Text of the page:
P&Q Profile: IRock Crushers’ Fred Gross

By |  March 6, 2019
Headshot: Fred Gross, IRock Crushers

Gross

Industry veteran Fred Gross discusses the latest chapter of his career, what’s next at IRock Crushers, equipment sales activity and portable plant trends.

You joined IRock in 2018 as director of sales and business development. What attracted you to this opportunity?

I’ve been in this business since 1979. I’ve worked for all of the major manufacturers, and I’ve been fortunate to have the ability to grow some business with big and small companies. When IRock recruited me, I was very attracted for a couple of reasons: the phenomenal opportunity for growth based on state-of-the-art manufacturing outside of Cleveland and our tremendous ownership. Our owner (Ken Taylor) is very well capitalized and has a strong commitment to grow this business.

What has been your focus in your first months at IRock?

Building our distributor network up. Getting the correct dealers. We already hired one new regional sales manager – it’s bringing in the right people for the market. We’re going to have a dual focus on portable plants [with] rubber tire plants and track plants.

Are there any equipment developments in the works?

We’re going to make improvements with current products but also offer up some new product offerings that we will be launching at AGG1, both on the track side of the business and on the rubber tire side.

What sort of sales activity are you seeing in portable plants at the moment? What are your sales expectations for 2019?

Gross joined IRock Crushers in 2018. Photo courtesy of IRock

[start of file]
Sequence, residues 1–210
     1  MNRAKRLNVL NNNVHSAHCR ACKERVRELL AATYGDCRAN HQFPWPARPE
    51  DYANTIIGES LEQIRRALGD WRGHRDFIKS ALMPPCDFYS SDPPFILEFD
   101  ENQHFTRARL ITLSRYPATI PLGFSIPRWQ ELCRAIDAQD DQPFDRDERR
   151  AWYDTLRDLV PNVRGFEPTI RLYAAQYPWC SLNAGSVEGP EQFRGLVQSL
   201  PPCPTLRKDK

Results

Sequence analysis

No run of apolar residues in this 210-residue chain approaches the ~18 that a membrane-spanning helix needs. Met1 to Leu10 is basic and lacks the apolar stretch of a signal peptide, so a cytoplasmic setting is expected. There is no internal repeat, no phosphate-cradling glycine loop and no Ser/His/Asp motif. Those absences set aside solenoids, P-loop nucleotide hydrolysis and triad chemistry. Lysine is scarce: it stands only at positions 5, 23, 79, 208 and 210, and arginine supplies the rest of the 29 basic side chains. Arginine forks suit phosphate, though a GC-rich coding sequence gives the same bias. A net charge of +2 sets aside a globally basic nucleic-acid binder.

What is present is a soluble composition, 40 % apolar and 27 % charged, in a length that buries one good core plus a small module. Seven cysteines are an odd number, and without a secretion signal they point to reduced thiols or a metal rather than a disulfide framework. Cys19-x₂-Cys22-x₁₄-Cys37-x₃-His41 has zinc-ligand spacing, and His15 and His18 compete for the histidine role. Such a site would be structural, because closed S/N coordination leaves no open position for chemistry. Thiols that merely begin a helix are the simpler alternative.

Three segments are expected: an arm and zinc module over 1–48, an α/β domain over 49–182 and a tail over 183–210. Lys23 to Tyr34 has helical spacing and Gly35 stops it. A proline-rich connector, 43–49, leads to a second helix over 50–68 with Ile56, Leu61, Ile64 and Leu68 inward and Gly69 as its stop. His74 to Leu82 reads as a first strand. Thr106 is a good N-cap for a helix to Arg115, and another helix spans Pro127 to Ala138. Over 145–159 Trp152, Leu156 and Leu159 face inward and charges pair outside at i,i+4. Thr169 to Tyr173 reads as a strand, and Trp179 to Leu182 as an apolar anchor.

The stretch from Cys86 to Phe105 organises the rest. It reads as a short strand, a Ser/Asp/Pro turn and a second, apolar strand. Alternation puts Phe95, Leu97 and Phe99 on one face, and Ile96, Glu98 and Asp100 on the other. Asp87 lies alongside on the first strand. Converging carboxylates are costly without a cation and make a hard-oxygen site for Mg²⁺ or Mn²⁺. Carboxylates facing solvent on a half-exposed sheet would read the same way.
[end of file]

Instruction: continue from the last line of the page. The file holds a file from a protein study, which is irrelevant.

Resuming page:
Gross joined IRock Crushers in 2018. Photo courtesy of IRock

It’s been extremely healthy. The recycle market has consumed the most demand for portable plants in the United States. For a while it was track, track, track. Now, we’re seeing interest from our customers and distributors in all-electric. That’s new within the last 12 to 15 months. Our next step is to make the conversion so we can make diesel-electric.

Are the more traditional aggregate producers getting involved in recycling?

The process is drawn out to get new pits, and aggregate producers are also looking to branch out so they have more sources of finished product. I think this trend is going to be here for three or four more years.

What is the future of diesel and electric in portable plants?

I think both will exist. Right now I see more of a focus on electric, but the diesel portable plants are not going to disappear. If we eliminate diesel power, our country comes to a screeching halt.

How is plant automation/control changing the way portable plant operators function?

It’s driven by the fact that there’s a shortage of labor. These plants have to be highly automated, and the automation has to be easy for people to understand.


Five Things

BEST ADVICE RECEIVED – God gave us two ears and one mouth so as to listen twice as much as talk

SPORTS – Colorado Buffaloes

HOBBIES – Hiking in the mountains, concerts and anything outdoors in Colorado where we have 310 sunny days a year

TRAVEL SPOT – Maui and northern California where our daughters live

LAST BOOK READ – “Play On: Now, Then, and Fleetwood Mac”


Comments are closed